In late February 2023, UC Berkeley School of Public Health welcomed the third cohort of its Health Innovation Accelerator (formerly the Taiwan-Berkeley Health Innovation Accelerator). Five medical technology startups were selected to participate in the program as part of an ongoing partnership with the National Development Council in Taiwan.
The Health Innovation Accelerator will connect the teams with health systems leaders, executives at life sciences companies, experts in regulatory and reimbursement strategies, successful entrepreneurs, life science investors, and other resources to promote the teams’ long-term success.
Company executives will remain in the Bay Area through late May, with the 10 participants attending workshops on such topics as the structure of the U.S. healthcare system, the regulatory landscape, intellectual property in the life sciences, and entrepreneurship. The group will also take in some local culture at a Giants baseball game.
Engagement with Berkeley students also provides new sources of ideas while granting undergraduates the chance to learn firsthand about entrepreneurial grit. The startups also have access to a specialized suite of courses covering topics including biomedical innovation policy, regulatory science, healthcare financing, clinical trials, diagnostics, venture capital, and more offered through Berkeley Law and the Online MPH Program at Berkeley Public Health.
“Berkeley Public Health’s health innovation accelerator connects academia and industry to support the development of new ideas and technology that improve people’s lives,” said Jared Mazzanti, director of strategic initiatives at Berkeley Public Health. “Taiwan’s world-class healthcare system, dynamic health tech sector, and thriving startup ecosystem make it an ideal partner in pursuit of this goal.”
This year’s startup teams focus on a wide range of medical technology, from the development of an ultrasonic device to treat pulmonary embolism and deep vein thrombosis to AI-powered dentistry to high-tech solutions for tricky procedures in orthopedic surgery.
Dr. Woeichyn Chu, co-founder of WeMED Bio-tech, professor at National Yangming Chiaotung University in Taiwan. and a participant in the program, says that he was attracted to the accelerator because “it is run by a prestigious institute with ample experience and prominent results.”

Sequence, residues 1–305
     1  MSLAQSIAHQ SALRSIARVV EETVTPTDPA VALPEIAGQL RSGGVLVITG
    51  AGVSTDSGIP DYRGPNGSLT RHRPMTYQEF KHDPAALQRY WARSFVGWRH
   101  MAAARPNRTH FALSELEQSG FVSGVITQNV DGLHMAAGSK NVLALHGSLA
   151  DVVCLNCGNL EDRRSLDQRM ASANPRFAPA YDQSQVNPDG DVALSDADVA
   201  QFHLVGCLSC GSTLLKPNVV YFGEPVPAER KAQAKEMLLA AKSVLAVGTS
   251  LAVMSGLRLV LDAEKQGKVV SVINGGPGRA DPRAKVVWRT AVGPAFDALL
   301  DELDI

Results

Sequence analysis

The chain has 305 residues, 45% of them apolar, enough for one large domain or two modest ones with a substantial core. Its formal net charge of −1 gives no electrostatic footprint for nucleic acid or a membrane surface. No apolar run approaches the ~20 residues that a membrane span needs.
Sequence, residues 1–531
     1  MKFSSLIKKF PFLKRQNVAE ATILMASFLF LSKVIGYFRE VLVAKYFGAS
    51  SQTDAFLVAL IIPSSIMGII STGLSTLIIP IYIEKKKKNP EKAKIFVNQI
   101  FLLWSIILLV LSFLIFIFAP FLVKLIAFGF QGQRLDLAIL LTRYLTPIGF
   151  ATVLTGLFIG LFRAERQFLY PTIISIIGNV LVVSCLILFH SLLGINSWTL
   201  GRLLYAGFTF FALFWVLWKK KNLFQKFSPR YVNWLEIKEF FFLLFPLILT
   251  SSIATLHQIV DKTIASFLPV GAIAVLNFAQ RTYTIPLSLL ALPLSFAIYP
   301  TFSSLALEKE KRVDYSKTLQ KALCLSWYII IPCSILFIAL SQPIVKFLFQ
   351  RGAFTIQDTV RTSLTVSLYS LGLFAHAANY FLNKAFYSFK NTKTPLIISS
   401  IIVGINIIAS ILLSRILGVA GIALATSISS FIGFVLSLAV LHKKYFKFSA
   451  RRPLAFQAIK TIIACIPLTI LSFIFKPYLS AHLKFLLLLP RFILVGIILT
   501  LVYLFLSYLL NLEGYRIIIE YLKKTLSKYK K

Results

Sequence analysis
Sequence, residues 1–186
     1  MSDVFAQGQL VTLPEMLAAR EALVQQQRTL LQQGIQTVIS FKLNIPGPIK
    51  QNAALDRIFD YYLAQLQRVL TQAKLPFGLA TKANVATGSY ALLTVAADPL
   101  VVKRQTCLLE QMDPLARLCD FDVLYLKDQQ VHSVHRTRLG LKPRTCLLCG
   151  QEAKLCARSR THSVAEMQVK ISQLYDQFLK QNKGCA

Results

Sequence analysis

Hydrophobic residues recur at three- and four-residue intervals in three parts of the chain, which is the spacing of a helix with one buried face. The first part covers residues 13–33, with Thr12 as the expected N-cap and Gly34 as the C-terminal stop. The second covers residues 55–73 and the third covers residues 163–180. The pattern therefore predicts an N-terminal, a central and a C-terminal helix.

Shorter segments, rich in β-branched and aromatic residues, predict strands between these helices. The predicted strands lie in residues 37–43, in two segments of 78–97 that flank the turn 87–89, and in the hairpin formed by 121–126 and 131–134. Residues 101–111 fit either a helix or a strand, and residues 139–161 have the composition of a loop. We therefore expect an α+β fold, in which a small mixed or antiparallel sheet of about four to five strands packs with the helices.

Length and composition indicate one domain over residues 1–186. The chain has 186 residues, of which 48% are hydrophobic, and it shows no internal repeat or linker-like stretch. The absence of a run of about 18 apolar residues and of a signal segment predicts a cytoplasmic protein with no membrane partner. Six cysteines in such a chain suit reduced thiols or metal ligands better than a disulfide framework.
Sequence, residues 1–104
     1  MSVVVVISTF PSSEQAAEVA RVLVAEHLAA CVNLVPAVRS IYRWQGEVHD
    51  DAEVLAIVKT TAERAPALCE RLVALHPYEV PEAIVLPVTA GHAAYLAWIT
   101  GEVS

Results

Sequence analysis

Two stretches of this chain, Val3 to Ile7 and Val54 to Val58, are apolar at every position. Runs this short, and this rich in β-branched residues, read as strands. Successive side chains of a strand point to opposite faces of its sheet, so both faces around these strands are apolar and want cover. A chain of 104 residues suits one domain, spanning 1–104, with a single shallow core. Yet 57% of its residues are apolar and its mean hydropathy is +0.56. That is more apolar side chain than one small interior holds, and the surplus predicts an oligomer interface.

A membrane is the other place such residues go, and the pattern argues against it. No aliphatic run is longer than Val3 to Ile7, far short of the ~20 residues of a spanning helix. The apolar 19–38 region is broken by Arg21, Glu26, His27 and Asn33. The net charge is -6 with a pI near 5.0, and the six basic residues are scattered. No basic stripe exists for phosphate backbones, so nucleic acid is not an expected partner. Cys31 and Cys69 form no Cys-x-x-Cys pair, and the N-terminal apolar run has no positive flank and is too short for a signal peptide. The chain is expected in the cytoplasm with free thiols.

His company is working on two products that will help orthopedic surgeons better treat their patients. One will aid trauma surgeons better locate screw holes during surgeries to repair long bone fractures. The other is a bone cement injection system for use on fractured vertebrae. “Reduced cement leakage rates directly lowers the potential risks of serious complications, such as urinary incontinence, pulmonary embolism, paraplegia, or death,” said Dr. Chu. The injection system is currently undergoing human trials prior to submission to the FDA. The main market for both devices will be the U.S.
Thus far, Chu says his team—which includes his colleague Shiao-Han Yuan—has been able to connect with American orthopedic surgeons as well as professionals in the medical device field and in venture capital.
“We are looking for collaborators and connections to trauma surgeons, manufacturers/distributors of interlocking nails [used in orthopedic surgery] in the States, and venture capitalists before we return to Taiwan,” Chu says.
Other participating startup companies included in the current cohort are Heroic-Faith Medical Science, MedFluid, SoundJet Medical, and Preteeth AI. Previous teams in the health innovation accelerator have gone on to win competitions including SelectUSA, run by the U.S. Department of Commerce, and Meet the Drapers—an entrepreneur-focused television show—and have built partnerships with Berkeley Public Health faculty to address public health challenges like tuberculosis detection.
The fourth cohort will arrive in Berkeley in 2024.